Building Dams for Water Storage

The December 26, 2015 Editorial in the Sacramento Bee, California needs to invest in Sites reservoir, was a welcome addition to the long discussion about the need for more dams in California.

The noted benefits—which are applicable to all dams—are, as the editorial notes:

“It would deliver benefits statewide by increasing water supply and, with proper management, providing versatility in water delivery for farms, cities and much-needed groundwater recharge. One of the more promising aspects of Sites is that a bloc of water would be allocated to the environment.”

The editorial also notes the cost effectiveness and having no negative impact on salmon.

“Constructing Sites would cost $3 billion to $4 billion, only a portion of which would be covered by the water bond. Other financing would come from people who benefit: farmers in the Sacramento Valley, farmers and cities south of the Sacramento-San Joaquin Delta.

“Congress should help pay, as should environmental organizations. Proper operation of the reservoir would have downstream benefits for the Delta, waterfowl habitat and for fisheries.

“In considering Sites, cost effectiveness will weigh heavily as the commission seeks to get the biggest bang for 2.7 billion bucks earmarked for increased water storage. Sites would compete with other storage plans, including a Temperance Flat reservoir north of Fresno on the Upper San Joaquin River.

“Sites would provide a relatively modest amount of water to the state’s system. During summer months, about 500,000 acre-feet of water from Sites would be available for Northern California farmers, for transfers south and for projects to recharge depleted aquifers. By comparison, Shasta Lake holds 5.5 million acre-feet; Folsom Lake holds nearly 1 million acre-feet, less than Sites.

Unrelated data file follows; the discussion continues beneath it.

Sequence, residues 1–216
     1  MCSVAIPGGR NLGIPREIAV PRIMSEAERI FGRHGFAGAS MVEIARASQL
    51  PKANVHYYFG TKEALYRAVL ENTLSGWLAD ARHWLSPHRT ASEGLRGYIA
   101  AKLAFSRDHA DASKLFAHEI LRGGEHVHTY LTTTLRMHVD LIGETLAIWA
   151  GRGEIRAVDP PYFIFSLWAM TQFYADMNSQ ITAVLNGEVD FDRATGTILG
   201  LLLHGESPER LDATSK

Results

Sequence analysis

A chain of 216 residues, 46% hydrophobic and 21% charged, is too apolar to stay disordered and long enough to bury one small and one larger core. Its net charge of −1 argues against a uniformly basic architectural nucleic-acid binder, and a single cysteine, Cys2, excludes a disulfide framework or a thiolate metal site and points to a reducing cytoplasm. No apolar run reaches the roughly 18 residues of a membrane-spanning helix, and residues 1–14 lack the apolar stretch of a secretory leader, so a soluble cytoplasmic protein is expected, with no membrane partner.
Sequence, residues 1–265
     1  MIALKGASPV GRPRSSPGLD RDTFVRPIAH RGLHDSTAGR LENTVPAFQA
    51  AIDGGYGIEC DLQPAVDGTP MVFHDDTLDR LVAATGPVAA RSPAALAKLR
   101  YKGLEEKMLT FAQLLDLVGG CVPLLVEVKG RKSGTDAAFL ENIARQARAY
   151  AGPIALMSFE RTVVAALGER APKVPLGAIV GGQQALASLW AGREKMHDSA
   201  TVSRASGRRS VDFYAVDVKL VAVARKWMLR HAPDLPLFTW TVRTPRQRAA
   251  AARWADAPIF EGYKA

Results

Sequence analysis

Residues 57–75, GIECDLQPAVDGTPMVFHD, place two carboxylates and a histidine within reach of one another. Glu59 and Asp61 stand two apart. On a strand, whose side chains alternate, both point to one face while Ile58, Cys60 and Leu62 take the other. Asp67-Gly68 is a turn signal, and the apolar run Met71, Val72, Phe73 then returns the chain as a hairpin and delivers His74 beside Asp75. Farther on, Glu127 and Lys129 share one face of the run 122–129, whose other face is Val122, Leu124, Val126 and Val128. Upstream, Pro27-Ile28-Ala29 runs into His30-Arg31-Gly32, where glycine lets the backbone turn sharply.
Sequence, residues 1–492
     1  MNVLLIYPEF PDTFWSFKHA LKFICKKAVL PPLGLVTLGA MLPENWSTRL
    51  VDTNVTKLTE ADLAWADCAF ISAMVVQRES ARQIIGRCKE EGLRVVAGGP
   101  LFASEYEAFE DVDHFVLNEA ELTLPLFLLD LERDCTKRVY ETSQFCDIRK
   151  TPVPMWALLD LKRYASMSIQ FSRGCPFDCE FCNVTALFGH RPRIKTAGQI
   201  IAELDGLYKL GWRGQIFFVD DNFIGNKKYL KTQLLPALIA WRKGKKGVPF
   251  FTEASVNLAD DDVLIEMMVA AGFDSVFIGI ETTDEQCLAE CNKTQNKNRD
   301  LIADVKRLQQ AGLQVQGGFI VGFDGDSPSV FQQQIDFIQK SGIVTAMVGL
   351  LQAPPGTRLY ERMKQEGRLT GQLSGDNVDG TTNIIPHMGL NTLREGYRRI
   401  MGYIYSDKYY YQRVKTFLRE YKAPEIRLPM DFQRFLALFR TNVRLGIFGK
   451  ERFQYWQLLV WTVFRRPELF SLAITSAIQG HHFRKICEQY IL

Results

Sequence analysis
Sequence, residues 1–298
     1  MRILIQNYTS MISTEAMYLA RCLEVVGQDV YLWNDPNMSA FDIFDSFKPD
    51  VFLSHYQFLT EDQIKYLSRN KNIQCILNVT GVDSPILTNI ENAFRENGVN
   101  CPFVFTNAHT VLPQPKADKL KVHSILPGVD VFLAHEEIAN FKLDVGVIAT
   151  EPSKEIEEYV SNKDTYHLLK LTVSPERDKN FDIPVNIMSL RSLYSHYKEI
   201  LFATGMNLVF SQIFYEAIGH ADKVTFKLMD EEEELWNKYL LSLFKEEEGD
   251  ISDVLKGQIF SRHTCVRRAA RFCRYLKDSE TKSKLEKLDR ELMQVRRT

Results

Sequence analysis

“But helping to tip the scale in favor of Sites, the reservoir would not require a dam on a river, and thus would not impede fish migration. Dams on rivers separate salmon from spawning grounds and have led to plummeting populations of the iconic fish.”

At capacity Sites would hold 1.8 million acre feet. By comparison Lake Shasta holds 5.5 million acre feet and Folsom Lake holds just under 1 million acre feet.

The big news here, of course, is that some local media has apparently come around to supporting building dams for water storage, and that is very good news.

About David H Lukenbill

I am a native of Sacramento, as are my wife and daughter. I am a consultant to nonprofit organizations, and have a Bachelor of Science degree in Organizational Behavior and a Master of Public Administration degree, both from the University of San Francisco. We live along the American River with two cats and all the wild critters we can feed. I am the founding president of the American River Parkway Preservation Society and currently serve as the CFO and Senior Policy Director. I also volunteer as the President of The Lampstand Foundation, a nonprofit organization I founded in 2003.
This entry was posted in Shasta Auburn Dam, Water. Bookmark the permalink.